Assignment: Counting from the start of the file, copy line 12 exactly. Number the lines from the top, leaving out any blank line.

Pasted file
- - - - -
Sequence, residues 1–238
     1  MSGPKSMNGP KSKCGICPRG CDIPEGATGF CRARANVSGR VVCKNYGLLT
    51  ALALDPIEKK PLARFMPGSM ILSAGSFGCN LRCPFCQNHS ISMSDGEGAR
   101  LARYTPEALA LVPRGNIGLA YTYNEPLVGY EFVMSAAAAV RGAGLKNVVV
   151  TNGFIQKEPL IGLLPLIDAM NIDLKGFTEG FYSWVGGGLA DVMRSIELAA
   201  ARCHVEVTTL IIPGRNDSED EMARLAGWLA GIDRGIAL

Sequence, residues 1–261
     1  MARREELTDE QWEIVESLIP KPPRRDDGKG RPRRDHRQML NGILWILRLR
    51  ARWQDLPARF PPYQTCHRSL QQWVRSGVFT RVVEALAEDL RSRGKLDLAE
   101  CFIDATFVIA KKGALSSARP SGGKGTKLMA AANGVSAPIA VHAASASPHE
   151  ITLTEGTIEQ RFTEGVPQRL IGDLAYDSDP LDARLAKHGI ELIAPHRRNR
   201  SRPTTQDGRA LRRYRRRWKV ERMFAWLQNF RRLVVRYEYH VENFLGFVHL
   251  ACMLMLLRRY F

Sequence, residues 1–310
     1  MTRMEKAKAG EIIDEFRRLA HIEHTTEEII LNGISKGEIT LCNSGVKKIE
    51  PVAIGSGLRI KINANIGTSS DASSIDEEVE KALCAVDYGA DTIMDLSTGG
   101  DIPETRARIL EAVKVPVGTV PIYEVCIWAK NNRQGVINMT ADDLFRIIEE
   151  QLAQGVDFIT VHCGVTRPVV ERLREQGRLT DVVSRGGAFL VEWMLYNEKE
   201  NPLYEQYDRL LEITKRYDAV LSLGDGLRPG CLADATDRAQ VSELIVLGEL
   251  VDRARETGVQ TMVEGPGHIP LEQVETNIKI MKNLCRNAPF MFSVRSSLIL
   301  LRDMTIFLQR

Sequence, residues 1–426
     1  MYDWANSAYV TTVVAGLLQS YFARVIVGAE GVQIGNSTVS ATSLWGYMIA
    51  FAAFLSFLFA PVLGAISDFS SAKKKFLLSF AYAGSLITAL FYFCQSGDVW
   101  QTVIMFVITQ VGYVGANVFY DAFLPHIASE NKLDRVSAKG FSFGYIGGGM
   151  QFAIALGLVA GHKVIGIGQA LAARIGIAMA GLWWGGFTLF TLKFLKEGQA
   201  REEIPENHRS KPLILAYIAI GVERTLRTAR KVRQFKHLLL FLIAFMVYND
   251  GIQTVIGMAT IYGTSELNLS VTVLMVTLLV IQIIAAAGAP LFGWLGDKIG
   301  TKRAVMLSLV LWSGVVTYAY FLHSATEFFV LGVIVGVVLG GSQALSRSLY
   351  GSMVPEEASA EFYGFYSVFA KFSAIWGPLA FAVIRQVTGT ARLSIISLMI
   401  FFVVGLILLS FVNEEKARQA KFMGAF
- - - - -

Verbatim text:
   201  SRPTTQDGRA LRRYRRRWKV ERMFAWLQNF RRLVVRYEYH VENFLGFVHL